One of the things I like about a large list that I don't plan on
finishing is that there's a lot of flexibility.
I always hate it when I have a observing list for the night just to find
out that that section of the sky is clouded out. With this, if Leo is
clouded out but it's clear to the south, I can observe in Hydra and have
a list of object already printed out.
The other thing with a large list is there is a lot less pressure. When
I was working the Best of the NGC or the Herschel 400, I always felt a
pressure to hurry up and get the list done, especially before they
disappeared for the season. Not that there's anything wrong with this,
but it sure has been nice to just relax and not worry about what I have
to get done for the night. If I don't feel like looking at galaxies, I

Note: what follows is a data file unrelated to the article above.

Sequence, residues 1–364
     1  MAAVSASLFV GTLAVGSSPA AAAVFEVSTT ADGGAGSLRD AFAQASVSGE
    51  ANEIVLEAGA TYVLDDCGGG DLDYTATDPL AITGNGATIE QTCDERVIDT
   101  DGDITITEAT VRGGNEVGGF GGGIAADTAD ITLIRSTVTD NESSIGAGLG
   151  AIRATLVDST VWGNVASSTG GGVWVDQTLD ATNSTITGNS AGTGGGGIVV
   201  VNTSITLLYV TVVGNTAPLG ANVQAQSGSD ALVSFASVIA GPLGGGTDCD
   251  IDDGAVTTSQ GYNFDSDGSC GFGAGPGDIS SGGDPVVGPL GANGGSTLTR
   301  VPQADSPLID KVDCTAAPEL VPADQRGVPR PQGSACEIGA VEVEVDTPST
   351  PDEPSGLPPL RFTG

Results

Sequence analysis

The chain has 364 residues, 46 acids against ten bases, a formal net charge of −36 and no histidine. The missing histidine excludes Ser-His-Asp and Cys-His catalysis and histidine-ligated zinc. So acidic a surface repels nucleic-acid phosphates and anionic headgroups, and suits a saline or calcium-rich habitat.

can easily move to an area of the sky and look at open clusters.
The most important thing is to find what works with you.
On 4/4/2015 10:42 PM, stevecoe@xxxxxxxxxxxxxxxx wrote:
First of all, a big "Thank You" to all who replied.
Joe Goss, I am NOT writing a book in 60 days--just a 2cd edition. I
will let you know how that works out. I know lots of other Guide users.
Jimmy Ray, I will ask the author of Celestial Portraits if I can include
Paul Knauth, I am happy to hear that folks are still using the SAC data.
When you have finished the 10,000 objects that AJ and I included let me
Beevo, I know of Celestial Harvest and the author is quite the expert on
Ken Reeves, that is certainly a massive list. It would take a lot of
aperture to get at those objects.
Steve Bell, I know of several club members who are Sky Safari users and
like it very much. I have plans to get a 9.25 incher for my CGEM. Send
me an email off list I would like your input.
Ted Forte, I have a copy of Sky Tools 3 and just have not made the time
to learn it. I will need to finish this project first. That is
certainly a big Excel datasheet.
Again, thanks to all who sent in info;
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